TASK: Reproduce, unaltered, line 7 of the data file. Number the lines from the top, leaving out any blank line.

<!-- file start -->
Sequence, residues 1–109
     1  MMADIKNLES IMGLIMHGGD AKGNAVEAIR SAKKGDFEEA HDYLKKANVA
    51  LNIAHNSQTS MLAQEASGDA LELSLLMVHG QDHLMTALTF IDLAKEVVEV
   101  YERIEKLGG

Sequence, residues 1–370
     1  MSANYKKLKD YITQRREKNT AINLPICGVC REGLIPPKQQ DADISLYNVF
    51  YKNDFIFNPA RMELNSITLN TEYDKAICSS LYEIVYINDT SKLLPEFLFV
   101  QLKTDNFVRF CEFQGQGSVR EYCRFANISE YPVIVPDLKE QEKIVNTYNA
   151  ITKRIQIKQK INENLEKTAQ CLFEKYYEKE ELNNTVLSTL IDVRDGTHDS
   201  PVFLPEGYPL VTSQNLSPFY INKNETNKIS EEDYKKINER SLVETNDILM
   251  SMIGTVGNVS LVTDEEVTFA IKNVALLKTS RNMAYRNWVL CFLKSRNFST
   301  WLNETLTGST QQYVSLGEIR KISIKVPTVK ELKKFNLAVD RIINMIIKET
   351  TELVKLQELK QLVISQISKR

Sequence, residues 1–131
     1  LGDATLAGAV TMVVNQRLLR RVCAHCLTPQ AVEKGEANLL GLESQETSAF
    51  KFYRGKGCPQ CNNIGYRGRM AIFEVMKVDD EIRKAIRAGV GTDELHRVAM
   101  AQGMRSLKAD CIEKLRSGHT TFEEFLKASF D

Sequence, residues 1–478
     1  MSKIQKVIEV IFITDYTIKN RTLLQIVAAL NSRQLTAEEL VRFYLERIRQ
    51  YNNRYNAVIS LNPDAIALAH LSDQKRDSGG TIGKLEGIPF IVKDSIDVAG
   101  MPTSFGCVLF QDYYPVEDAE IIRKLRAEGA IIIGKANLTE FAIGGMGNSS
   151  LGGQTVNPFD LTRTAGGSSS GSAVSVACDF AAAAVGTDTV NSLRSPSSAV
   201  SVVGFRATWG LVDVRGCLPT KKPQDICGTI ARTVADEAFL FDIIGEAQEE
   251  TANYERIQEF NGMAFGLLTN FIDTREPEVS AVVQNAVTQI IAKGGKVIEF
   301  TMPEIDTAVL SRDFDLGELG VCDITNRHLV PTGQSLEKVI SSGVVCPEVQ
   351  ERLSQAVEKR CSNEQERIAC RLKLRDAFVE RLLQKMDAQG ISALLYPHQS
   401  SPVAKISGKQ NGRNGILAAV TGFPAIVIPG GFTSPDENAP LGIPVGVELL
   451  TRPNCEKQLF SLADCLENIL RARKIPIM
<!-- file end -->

    51  YKNDFIFNPA RMELNSITLN TEYDKAICSS LYEIVYINDT SKLLPEFLFV